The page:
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To Embark Upon This Great Crusade-Part 21

Mark Buetow
United States
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Combat Commander Archivist
Move! Advance! Fire! Rout! Recover! Artillery Denied! Artillery Request! Command Confusion...say what?!
Letters from the Front, Early 1943

The publishing of wartime correspondence between brave fighting men and their loved ones helps to illustrate the sacrifices they make for King and country as they fend off evil around the globe. Here are two such letters, dear reader, published to encourage you in your hopes that one day the world will one day be free from the villainy of tyrants.

From Wau, New Guinea, January 31, 1943

Dear Mum,

Well, we've just been through the wringer! Remember I told you we were stationed at the airfield at Wau, on the big island of New Guinea? Well, old Tojo took a crack at it today, I can tell you. But we held 'em off, Mum! Yes, we did!

I won't say I wasn't afraid. My squad was stationed as far forward as we could be to have a covering field of fire. Our squad manned the Light Machine Gun and boy did we ever pour fire onto those Japs running out of the jungle. We were up there with Lt. Crisp--he's a fine officer, Mum , as fine as ever led a solider. He kept his cool and kept us firing. The team alongside us burned their heavy's barrel cherry red before it conked out. And it was up to me and my boys to keep that fire up with our gun and our rifles.

It was just a little hill, Mum, but we could see the whole line of jungle. The airfield was behind us and we were sure hoping and praying our resupply planes could make it in. They could if we just kept those Japs away!

Well wouldn't you know we saw some flashes and then smoke all over the place. Those sneaky enemy troops thought they'd hinder us and put smoke all over. We could hear the chatter of their heavy weapons as they tumbled out of the jungle along the little trail. But that smoke was bad for them too, let me tell you. Yeah, Mum, they couldn't put any fire on OUR airfield.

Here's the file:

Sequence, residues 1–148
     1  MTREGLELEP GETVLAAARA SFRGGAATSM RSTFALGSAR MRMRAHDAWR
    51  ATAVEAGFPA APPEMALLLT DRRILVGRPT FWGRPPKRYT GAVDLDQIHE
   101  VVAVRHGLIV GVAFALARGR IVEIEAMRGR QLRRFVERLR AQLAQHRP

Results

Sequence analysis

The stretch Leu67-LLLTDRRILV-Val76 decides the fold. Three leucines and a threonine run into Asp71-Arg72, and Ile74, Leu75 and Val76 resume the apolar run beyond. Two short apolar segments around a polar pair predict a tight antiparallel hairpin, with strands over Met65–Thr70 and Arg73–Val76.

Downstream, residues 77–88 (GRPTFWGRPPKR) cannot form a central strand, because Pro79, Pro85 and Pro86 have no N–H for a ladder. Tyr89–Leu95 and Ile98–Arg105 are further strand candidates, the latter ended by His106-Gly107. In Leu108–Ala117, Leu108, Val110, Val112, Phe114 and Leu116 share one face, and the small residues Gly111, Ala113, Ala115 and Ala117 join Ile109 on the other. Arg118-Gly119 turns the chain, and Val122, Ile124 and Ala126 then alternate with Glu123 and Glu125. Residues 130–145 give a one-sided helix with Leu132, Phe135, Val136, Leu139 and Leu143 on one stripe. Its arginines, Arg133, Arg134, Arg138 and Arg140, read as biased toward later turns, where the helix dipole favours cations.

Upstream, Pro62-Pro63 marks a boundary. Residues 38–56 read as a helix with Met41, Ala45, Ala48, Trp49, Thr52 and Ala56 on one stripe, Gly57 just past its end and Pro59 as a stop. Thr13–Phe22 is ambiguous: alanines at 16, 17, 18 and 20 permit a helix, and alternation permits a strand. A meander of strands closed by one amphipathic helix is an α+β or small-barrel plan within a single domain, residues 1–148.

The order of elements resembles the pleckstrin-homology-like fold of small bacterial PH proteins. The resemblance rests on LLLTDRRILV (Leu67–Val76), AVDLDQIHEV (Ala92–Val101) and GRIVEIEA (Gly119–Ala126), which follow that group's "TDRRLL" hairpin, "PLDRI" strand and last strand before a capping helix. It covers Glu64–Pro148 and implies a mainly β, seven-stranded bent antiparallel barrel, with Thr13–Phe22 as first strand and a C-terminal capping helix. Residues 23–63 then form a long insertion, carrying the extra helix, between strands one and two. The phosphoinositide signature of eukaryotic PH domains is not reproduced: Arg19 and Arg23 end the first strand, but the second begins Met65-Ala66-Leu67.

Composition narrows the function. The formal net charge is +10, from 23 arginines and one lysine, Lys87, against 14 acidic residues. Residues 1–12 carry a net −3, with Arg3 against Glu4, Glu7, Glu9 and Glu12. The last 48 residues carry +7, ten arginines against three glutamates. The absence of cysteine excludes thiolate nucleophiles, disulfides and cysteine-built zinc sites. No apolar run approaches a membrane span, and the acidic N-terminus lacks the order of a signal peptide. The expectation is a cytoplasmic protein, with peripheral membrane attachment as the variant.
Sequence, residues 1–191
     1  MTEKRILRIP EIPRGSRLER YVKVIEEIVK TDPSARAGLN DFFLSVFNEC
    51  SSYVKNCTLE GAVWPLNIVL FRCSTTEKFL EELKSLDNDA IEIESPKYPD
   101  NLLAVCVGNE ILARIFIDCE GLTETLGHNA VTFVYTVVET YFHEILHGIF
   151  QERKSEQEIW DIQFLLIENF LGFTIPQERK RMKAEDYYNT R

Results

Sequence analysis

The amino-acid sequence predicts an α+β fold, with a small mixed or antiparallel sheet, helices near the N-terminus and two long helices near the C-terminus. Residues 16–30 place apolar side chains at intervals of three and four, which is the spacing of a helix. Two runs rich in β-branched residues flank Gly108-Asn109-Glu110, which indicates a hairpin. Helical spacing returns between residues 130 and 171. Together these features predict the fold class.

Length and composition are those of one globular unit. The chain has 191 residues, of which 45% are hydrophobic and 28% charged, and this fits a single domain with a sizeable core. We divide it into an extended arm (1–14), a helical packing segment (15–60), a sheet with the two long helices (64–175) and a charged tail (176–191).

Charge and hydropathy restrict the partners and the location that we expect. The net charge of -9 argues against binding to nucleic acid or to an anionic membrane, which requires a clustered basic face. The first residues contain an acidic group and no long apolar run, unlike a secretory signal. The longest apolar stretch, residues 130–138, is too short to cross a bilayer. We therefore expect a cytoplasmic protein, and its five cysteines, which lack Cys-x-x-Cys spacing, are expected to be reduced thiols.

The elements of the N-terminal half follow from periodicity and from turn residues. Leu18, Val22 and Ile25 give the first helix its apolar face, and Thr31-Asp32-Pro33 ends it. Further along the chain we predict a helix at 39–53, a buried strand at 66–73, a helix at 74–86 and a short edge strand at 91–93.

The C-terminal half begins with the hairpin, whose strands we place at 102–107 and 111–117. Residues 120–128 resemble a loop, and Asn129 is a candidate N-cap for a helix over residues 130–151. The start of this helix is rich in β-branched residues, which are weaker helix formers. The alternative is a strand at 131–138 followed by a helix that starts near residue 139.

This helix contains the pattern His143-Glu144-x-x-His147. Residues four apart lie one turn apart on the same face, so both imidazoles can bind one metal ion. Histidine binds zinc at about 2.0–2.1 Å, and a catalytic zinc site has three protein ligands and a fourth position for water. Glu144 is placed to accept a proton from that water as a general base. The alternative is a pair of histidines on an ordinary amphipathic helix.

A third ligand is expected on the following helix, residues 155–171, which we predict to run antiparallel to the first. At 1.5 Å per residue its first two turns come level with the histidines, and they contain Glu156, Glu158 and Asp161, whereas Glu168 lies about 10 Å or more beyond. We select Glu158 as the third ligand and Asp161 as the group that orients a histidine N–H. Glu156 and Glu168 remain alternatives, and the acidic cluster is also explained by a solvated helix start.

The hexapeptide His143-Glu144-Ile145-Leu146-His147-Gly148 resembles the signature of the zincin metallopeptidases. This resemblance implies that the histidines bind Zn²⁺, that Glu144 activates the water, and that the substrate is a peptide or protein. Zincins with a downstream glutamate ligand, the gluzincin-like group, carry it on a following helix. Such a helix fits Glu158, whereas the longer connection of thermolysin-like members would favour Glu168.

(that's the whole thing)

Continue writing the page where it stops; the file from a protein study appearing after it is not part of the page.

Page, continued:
Pretty soon some planes were dropping down and we had more guys arriving. We thought we had those Japs pretty well stopped but all the sudden they came running out on our right. It was tought to see them through the smoke. I feared for my mate Andy because he and his crew was setting up their mortar when they seemed to be surrounded. But then all of a sudden the real air support began and those Japs, most of just melted away into the jungle. They couldn't touch our airfield but I guess they'll be back another day.

Anyway, Mum, it was a long day and a hard fight and I thought you'd probably like to know your son was still alive. All my love to Sis and Grandad.


P.S. - Here's some pics you might see in the newspapers of the before and after of this nasty fight.

Novorossiysk, February 4, 1943

My dearest Olga,

Today fate has smiled upon your beloved Vladimir. I have fought Hitler's men and lived to tell the tale. I cannot give you too many details or the Commissar will surely not be pleased. But I can tell you that our crack units were able to hold back a German attack in Novorossiysk. My squad was with Lt. Bikovets and we were manning the Light Machine Gun. You could see the fire form our .50 caliber gun ahead of us. But there were Germans in the silo on the hill and they called and told us to move up to engage them.

The Germans did not seem to coordinate their attack well. Their leaders and men were being killed all over. But then somehow some of their men seemed to get behind us and no one knew what was happening. They appeared in the building next to ours. I could hear the screams of our men as they fell to the Germans. Then they got more important buildings but I heard another squad of our men appeared and took it back. It was all so confusing.